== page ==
But life on earth is also something distressing. The little child brings us heaven on earth, but also gives us a lot to do. It is not only cute and sweet, it is also weepy at unpleasant hours, wants our attention when we finally sit quietly, doesn't like the food we cooked, keeps us up all night, etc... And when it grows up, it sticks its fingers in the sockets, balances on the stairs, throws the empty cup on the floor, or even the full one... It wants to do what it is not allowed to do, and doesn't do what it should. It screams loudly in the supermarket, sits down and doesn't want to come along anymore, makes us a disgrace to the whole world. Is this the little angel that we should have so much respect for?
This little angel has to get ready to deal with the earthly challenges. The firmness, which always offers resistance, must be suffered, and in this suffering there is a fight, there is no other way. If we could see the troubles in this light, then we would be able to face them with humour. But we have become as serious as the animals, they never laugh either.
There is a nice piece of text about this by Heraclitus, which I have just read, paraphrased by Rudolf Steiner:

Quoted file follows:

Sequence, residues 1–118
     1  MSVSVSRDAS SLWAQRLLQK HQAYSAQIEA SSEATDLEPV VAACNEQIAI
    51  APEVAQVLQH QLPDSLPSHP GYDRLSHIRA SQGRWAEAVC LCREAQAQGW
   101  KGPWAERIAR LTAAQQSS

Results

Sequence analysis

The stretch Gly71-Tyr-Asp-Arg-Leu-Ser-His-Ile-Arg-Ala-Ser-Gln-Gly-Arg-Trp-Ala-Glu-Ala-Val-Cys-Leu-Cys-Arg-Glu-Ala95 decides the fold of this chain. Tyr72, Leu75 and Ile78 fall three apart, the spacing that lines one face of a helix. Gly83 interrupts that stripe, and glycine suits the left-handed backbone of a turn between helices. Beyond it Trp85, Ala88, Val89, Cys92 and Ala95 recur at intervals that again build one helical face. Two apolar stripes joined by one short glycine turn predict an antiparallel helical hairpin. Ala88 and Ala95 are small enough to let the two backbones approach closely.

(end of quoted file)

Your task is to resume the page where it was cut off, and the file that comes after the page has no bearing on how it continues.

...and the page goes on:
"It is man's original sin, if he clings to the temporary with his knowledge. He thereby turns away from the eternal. Life thus becomes his danger. What happens to him, happens to him from life. But this event loses its sting when he no longer values life necessarily. Then his innocence is restored to him. He feels as if he could return to childhood, out of the so-called seriousness of life. All the things that the adult takes seriously, the child plays with them. But the knowing one becomes like the child. "Serious" values lose their value from an eternal point of view. Life then appears like a game. "Eternity," says Heraclitus, "is a playing child, the mastery of a child." What is the original sin? It lies in taking with the utmost seriousness that which should not be taken seriously. God has poured himself into the world of things. Whoever accepts things without God takes them seriously as "God's graves". He should play with them like a child, but use his earnestness to obtain from them the divine that sleeps enchanted in them.
The vision of the Eternal has a burning, even searing effect on the ordinary thinking about things. The spirit dissolves the thoughts of sensuousness; it makes them melt. He is a devouring fire.'
(Christianity as Mystical Fact, GA 8)
Seriousness and playing by Mieke Mosmuller